Sleep Disturbances and Nocturnal Symptoms
Relationships with Quality of Life in a Population-Based Sample of Women with Interstitial Cystitis/Bladder Pain Syndrome
Published in: Journal of Clinical Sleep Medicine, v. 10, no. 12, Dec. 2014, p. 1331-1337
Posted on RAND.org on January 07, 2015
- What is the nature and prevalence of sleep disturbances among women with interstitial cystitis/ bladder pain syndrome?
- Do sleep disturbances affect quality of life for women with interstitial cystitis/bladder pain syndrome?
STUDY OBJECTIVES: To characterize the nature and impact of sleep disturbances on quality of life (QOL) in women with interstitial cystitis/ bladder pain syndrome (IC/BPS). METHODS: Participants were 3,397 women from a telephone probability survey who met IC/BPS symptom criteria. Sleep quality, duration, and IC/BPS nocturnal symptoms (i.e., trouble sleeping due to bladder pain, urgency, or needing to use the bathroom), general QOL (mental and physical health and sexual functioning), and IC/BPS QOL impairment were assessed via self-report during telephone interview. RESULTS: Over half of the sample reported poor sleep quality, sleep duration =6 hours, or trouble sleeping due to IC/ BPS symptoms. After covariate adjustment, short sleep duration was significantly associated with greater IC/ BPS QOL impairment (beta = -0.04; p<0.001) and poorer self-reported physical health (beta = 1.86; p < 0.001). Poor sleep quality was significantly associated with greater IC/ BPS QOL impairment (beta = 0.06; p < 0.001), poorer self-reported physical health (beta = -2.86; p < 0.001), and greater sexual dysfunction (beta = -0.04; p < 0.05). IC/ BPS nocturnal symptoms were significantly associated with greater IC/ BPS impairment (beta = 0.14; p < 0.001), poorer physical health (beta = -2.76; p < 0.001) and mental health (beta = 0.52; p < 0.01), and greater sexual dysfunction (beta = -0.10; p < 0.001), after covariate adjustment. After further adjustment for IC/ BPS nocturnal symptoms, we found that poor sleep quality and short sleep duration were independent correlates of poor self-reported physical health. CONCLUSIONS: Poor sleep quality and short sleep duration, as well as disorder-specific sleep disturbances, are highly prevalent in women with IC/ BPS and are associated with poorer disease-specific and general QOL.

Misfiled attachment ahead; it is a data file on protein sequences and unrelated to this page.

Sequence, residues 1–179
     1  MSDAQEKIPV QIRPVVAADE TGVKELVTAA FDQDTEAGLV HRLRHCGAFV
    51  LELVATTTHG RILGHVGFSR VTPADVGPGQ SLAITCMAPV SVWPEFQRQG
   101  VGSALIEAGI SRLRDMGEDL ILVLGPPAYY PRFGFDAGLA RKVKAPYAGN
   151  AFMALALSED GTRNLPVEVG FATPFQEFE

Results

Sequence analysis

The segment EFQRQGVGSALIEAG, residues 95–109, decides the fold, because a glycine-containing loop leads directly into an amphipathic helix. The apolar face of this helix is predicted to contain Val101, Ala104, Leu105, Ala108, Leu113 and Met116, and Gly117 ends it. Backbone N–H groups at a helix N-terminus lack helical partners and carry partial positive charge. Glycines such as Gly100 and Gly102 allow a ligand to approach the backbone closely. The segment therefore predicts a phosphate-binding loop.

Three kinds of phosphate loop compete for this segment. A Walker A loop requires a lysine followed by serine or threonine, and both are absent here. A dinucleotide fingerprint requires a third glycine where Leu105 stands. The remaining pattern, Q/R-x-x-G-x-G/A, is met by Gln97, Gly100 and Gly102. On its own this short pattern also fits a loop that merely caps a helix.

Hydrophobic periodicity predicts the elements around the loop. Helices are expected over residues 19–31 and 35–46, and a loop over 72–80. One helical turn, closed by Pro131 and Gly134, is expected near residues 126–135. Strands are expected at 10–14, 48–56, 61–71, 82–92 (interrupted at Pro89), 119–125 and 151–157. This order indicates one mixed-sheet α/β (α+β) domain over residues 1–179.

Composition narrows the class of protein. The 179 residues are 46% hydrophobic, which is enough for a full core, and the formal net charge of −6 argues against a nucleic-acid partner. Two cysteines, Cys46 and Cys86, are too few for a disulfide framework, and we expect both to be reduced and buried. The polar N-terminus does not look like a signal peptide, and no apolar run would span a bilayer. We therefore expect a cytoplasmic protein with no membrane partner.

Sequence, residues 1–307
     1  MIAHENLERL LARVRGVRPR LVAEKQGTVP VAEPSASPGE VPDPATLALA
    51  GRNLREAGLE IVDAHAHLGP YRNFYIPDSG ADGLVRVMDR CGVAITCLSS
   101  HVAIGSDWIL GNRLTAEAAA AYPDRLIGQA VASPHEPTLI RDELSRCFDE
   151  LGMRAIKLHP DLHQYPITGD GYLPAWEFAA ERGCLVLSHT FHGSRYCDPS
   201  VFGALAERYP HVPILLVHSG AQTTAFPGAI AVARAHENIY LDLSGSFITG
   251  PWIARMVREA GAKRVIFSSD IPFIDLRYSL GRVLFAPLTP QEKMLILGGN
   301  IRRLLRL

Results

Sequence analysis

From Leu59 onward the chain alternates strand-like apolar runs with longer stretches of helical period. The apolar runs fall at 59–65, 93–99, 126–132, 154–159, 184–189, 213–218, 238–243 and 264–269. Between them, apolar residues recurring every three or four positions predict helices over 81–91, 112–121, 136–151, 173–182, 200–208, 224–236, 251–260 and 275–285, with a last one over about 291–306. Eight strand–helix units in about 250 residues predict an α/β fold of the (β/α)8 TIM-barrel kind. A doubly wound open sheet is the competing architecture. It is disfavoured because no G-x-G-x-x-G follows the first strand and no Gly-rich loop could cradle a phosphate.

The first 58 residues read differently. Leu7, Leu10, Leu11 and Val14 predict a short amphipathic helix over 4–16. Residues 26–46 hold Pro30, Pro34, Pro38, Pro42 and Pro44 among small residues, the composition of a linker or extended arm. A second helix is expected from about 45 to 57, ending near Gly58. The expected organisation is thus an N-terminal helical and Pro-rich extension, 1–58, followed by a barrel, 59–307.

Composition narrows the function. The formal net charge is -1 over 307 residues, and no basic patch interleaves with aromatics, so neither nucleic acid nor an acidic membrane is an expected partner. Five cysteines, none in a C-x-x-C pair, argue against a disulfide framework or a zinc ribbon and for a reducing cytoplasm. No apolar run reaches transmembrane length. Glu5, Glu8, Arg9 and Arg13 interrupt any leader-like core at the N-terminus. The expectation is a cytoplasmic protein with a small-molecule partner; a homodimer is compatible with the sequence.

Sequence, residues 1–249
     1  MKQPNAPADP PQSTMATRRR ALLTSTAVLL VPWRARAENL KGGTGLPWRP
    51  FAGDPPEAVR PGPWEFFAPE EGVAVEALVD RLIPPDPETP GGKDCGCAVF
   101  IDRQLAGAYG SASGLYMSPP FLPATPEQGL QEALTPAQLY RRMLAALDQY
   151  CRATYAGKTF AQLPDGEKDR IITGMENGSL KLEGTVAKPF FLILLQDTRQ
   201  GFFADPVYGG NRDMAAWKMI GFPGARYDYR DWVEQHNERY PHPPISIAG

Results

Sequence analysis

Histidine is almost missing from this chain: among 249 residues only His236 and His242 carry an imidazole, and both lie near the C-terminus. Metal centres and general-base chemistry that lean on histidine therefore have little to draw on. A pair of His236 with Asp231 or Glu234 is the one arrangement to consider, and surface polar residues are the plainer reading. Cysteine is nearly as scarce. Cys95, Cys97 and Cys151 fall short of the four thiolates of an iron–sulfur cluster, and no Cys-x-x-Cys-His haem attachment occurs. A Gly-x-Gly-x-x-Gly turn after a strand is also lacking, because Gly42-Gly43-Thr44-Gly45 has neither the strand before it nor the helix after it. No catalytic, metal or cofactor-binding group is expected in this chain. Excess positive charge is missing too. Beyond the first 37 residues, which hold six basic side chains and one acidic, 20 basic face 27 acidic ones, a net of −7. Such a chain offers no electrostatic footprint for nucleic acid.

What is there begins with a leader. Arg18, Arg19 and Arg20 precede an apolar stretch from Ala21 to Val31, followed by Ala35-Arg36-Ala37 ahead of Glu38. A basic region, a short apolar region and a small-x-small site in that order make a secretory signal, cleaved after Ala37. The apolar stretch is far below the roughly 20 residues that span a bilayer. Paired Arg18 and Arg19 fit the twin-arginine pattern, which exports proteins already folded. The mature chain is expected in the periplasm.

- Sleep problems are very prevalent among women with interstitial cystitis/bladder pain syndrome.
- Some sleep disturbances experienced by patients with this condition are general in nature, rather than symptoms of the disorder itself.
Interventions to improve sleep could improve quality of life for this population.